For years I have been writing about the failures of the UK's National Health Service (NHS) as a warning for what the Affordable Care Act (aka Obamacare) will do to health care here in the U.S.
London's Daily Mail has chronicled the growing problems with the NHS, which include declining quality of care and availability of services coupled with increased costs. This is what is in store for us, if Congress does not repeal Obamacare.
According to the Daily Mail, "NHS hospitals are recruiting Spanish and Portuguese nurses in record numbers while British applicants are being refused because places on training courses have been slashed to cut costs." More than 5,000 student nurse places, it writes, "have been axed since the General Election." The reason? Foreign nurses cost less. Incredibly, they won't be checked to see if they can speak English. The potential for confusion over medication and treatment because of language differences could be significant.
Another Daily Mail story is about Stewart Fleming, a man with severe stomach pains who waited six hours in a hospital cubicle because, according to Andrew Horne, chief executive of Medway NHS Foundation Trust, "that evening was very busy; the hospital was full." The 37-year-old father of two died.
The Daily Mirror reports that at Stafford Hospital in Staffordshire, 1,200 patients died over a four-year period. No one has been held accountable, but the person in charge of the health authority for part of that time, Sir David Nicholson, was promoted and for two years headed the entire NHS at a substantially higher salary.
In a cruel irony, Donald Berwick, the former U.S. Medicare administrator, who has said, "The decision is not whether or not we will ration care -- the decision is whether we will ration with our eyes open," now heads a committee tasked with preventing the NHS from causing harm to patients. That's easy: get rid of the NHS.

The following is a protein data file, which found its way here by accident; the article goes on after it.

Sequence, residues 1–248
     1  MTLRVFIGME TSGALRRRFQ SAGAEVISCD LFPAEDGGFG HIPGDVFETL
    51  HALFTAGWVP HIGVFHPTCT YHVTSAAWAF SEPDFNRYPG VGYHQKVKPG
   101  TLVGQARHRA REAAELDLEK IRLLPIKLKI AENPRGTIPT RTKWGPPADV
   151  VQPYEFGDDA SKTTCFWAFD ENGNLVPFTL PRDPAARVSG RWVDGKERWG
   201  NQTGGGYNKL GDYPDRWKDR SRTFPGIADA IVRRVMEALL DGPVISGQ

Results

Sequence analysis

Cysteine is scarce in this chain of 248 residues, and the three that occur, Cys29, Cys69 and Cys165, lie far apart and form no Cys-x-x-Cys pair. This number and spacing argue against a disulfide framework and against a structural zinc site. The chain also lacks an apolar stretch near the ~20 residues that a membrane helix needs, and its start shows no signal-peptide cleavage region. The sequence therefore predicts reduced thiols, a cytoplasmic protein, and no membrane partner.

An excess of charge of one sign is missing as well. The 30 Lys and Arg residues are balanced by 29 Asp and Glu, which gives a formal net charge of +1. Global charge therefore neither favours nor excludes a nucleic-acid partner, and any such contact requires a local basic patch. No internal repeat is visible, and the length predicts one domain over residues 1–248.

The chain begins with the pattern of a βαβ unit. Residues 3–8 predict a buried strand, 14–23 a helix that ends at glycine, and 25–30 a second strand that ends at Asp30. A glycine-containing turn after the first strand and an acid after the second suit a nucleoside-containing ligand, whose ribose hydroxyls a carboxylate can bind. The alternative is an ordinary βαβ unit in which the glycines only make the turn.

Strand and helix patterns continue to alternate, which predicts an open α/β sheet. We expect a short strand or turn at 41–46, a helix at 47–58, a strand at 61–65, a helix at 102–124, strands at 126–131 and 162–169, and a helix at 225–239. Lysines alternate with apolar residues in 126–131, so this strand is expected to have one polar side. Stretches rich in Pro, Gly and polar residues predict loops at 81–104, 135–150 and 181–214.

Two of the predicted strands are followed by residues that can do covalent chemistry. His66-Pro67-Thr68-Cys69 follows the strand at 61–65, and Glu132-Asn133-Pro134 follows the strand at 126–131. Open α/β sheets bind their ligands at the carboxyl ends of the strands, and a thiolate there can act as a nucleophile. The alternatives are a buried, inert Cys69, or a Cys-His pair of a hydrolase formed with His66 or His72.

A 2010 column by the Daily Telegraph's Janet Daley ran with the headline, "Copying the NHS is the last thing the U.S. should do." She called instead for a "combination of state provision and private contribution" for health care.
The NHS should have been a lesson for the United States. After promising that Obamacare would not raise insurance costs, we are now seeing the reality. Daniel P. Kessler, a Stanford University professor of law and business, recently noted in the Wall Street Journal: "Despite what you read, premiums in Oregon and California are going up, especially for the young." Other states, should they participate (and many say they won't) will inevitably have the same experience.
The Internal Revenue Service, which will enforce Obamacare's individual and employer mandates, announced in February, according to CNSNews.com, that the "cheapest health insurance plan available in 2016 for a family will cost $20,000..."
CNBC, citing a survey released by InsuranceQuotes.com, a company that allows people to compare insurance rates, recently reported that 64 percent of uninsured adults say they haven't decided if they will buy insurance by the January 1, 2014 deadline.
What happens here if people begin to experience long waits for treatment, higher costs, fewer doctors and nurses whose English is poor? Will they rebel or passively accept an unworkable system?
Two friends of mine who live in a retirement community in Washington recently told me of a change in their nursing staff. The majority are now from West Africa. This change, they say, has made many residents uncomfortable and uncertain whether the nurses are competent enough to provide the quality of care they have come to expect.
During the Depression and the rise of fascism in Europe, Sinclair Lewis wrote the novel "It Can't Happen Here." It was his warning about how fragile democracy is and how easily it can be replaced by dictatorship. Obamacare has the potential for becoming a type of dictatorship.
The negative consequences from the NHS can happen here and they are on the way, unless Republicans win enough congressional seats next year and then vote to replace Obamacare.